It’s estimated that the typical American family spends on average almost $4,000 per year on health care related costs. For many families this is a very large percentage of their household income – and even with additional protections put in place by the Affordable Care Act, health care costs remain the #1 cause of personal bankruptcies in the United States.

Many people are spending far more on medical costs than they need to. We’ve put together a list of eight easy – and more importantly, free! – ways to cut these expenses, up to 75% in some cases.

1. Use a Prescription Discount Card


You might think there’s a gimmick or some hidden cost, but they’re legitimate and can save you over 75% on your prescriptions. The biggest savings can be had on generic medications; the savings on brand name medications are less. Many large pharmacy chains including CVS, Walgreens, Wal-Mart, Rite Aid, Kroger, and Target offer their own cards and there are a number of companies that offer these cards for free. Make sure you request one next time you fill a prescription or simply search “pharmacy discount card” and you should have plenty to choose from.

2. Request Generic Medications Whenever Possible


Many medications that have been on the market for a while are no longer under patent protection and have generic equivalents available, often for a fraction of the cost of the brand name version. For example, the brand name cholesterol lowering medication Lipitor sells retail for over $5.00 per pill. Atorvastatin, the generic version of Lipitor, sells for less than $.50 per pill. Over the course of a year that’s a difference of over $1,200.

You should always check with your doctor before making any changes to your prescriptions. In almost all cases though, generics are equally as safe and effective as their brand name (and far more costly) counterparts.

3. Open a Health Savings Account (HSA)

Many health insurance plans, particularly ones with high deductibles, are what’s called “HSA Compatible”. What this means is that many of your health care expenses could be tax deductible.


You open an HSA debit card account at a bank and put some money in the account (there are typically no monthly or transaction fees on HSA accounts, unlike regular debit cards). Whenever you incur any medical expenses – co-pays for doctor visits or prescriptions, out of pocket costs incurred before you meet your deductible, medical equipment or supplies – you pay for them using your HSA card. When you file your taxes, the amount you spent through your HSA is considered non-taxable income.

4. Buy Store Brand over the Counter Medications

You can pay twice as much for Tylenol (the brand name medication made by Johnson and Johnson) as you would for store brand acetaminophen (the active ingredient in Tylenol).


As we pointed out in the case of generic vs. brand name medications, the effectiveness and safety are usually identical. A recent survey of several hundred physicians revealed that over 90% will buy store brand medications whenever possible. And if they’re comfortable doing that, you should be as well.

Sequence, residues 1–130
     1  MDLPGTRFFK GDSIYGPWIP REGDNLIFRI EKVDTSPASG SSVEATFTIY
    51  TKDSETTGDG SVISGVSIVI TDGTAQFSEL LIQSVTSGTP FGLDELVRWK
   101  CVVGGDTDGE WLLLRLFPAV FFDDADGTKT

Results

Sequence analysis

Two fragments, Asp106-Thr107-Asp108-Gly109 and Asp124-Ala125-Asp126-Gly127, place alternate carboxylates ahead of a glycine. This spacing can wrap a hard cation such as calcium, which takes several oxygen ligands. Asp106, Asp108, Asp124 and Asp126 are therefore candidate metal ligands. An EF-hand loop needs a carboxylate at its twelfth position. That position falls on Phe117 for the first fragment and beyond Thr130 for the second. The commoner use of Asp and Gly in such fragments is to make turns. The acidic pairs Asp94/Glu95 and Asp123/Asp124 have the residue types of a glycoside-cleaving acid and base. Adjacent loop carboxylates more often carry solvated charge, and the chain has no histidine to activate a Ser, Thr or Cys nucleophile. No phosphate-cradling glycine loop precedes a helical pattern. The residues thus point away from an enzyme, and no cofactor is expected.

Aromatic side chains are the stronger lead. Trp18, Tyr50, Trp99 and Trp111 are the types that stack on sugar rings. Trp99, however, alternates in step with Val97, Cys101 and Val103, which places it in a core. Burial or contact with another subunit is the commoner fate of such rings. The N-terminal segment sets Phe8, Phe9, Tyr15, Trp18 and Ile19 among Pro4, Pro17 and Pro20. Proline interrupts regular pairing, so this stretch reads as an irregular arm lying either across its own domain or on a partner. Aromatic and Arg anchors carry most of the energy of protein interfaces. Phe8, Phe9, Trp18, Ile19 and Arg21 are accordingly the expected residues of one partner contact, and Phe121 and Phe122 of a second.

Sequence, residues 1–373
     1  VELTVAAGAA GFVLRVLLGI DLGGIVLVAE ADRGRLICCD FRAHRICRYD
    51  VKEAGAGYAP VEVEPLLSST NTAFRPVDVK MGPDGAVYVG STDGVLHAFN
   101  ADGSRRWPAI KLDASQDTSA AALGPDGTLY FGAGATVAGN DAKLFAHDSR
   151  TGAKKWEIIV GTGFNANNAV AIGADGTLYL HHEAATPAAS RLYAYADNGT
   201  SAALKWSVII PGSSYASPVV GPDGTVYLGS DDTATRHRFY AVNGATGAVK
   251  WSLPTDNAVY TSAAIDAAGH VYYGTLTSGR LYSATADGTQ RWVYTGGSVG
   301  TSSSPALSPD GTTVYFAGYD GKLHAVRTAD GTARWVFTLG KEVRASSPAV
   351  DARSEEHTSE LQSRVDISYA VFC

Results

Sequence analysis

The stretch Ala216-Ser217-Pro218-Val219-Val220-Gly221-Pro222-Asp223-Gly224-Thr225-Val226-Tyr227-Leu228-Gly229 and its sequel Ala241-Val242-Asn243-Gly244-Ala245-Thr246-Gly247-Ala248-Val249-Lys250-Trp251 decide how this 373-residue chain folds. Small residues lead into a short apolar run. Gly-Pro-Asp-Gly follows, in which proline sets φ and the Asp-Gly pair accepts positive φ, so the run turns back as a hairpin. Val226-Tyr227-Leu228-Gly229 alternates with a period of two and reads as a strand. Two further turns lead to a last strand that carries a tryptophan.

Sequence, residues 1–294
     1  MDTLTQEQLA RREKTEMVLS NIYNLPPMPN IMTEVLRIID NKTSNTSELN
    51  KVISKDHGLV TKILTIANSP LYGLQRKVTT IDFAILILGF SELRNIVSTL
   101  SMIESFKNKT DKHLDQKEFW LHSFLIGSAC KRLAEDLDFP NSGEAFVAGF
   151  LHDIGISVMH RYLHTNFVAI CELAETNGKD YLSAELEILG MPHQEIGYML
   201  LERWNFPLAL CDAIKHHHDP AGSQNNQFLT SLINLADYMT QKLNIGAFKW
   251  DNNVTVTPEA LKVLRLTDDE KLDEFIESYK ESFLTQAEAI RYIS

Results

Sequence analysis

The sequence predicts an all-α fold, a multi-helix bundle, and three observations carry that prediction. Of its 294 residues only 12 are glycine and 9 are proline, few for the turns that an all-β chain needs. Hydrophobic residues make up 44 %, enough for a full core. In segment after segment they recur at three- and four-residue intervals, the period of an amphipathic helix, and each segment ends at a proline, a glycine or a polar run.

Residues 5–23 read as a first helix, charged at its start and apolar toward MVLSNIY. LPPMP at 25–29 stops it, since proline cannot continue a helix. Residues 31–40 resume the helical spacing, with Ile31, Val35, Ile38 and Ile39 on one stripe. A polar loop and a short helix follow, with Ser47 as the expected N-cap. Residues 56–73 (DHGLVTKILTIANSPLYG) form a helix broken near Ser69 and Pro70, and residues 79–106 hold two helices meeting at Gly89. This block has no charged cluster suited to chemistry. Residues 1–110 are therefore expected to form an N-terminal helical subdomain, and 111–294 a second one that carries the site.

5. Shop Around For Private Health Insurance


Most Americans get their health insurance through their employers. With the passage of the Affordable Care Act (also known as the ACA), many Americans have other options. By comparing your current plan to ones available at (the federal Affordable Care Act website) you can potentially cut premiums significantly. If you’re getting insurance currently from your employer, an ACA plan may cost less than your share of the monthly insurance premium being taken out of your paycheck. And in many cases you can negotiate with your employer to have them add back to your paycheck part or the entire insurance premium they no longer have to pay. Additionally, the ACA provides subsidies for families making under $94,000 per year so the cost savings could potentially be very substantial.

6. Negotiate With Your Doctor


For most people, price negotiation is usually associated with buying a car. But with health care costs being as high as they are, you may be able to save yourself more money by negotiating with your doctors. Insurance companies usually pay doctors far less for a visit or procedure than they would charge a patient directly. So in many cases they’re willing to accept payment that’s less than what’s shown on your bill. Explain your financial situation to them and many times they will reduce their fee, allow you to pay in installments over time or both. You may be be pleasantly surprised by how understanding and accommodating your doctor can be.

7. Get Coupons from Pharmaceutical Companies


Prescription drugs – particularly popular brand name drugs – are very expensive. Many health insurance plans have a list of drugs they’ll cover and the one your doctor prescribes may not be on there. The insurance companies naturally prefer generic versions of similar medications to the more expensive brand names. The pharmaceutical companies know this and many offer coupons that you can use to purchase these medications for a tiny fraction of their retail cost, and in some cases for no cost at all. We’ve compiled a list of the most popular medications with direct links to coupons, which you can find here.

8. Use in Network Providers Only

Many health insurance plans include “Out of Network Benefits”, meaning you can use doctors that are not part of the insurance company’s preferred list of providers. However, this is more expensive for the insurance companies (they negotiate low rates with their preferred providers) and more expensive for you, the patient. The insurance companies usually cover only a percentage of the cost when using out of network providers as opposed to in network providers where they often cover 100% of the cost and you only have nominal co-pay for the visit.

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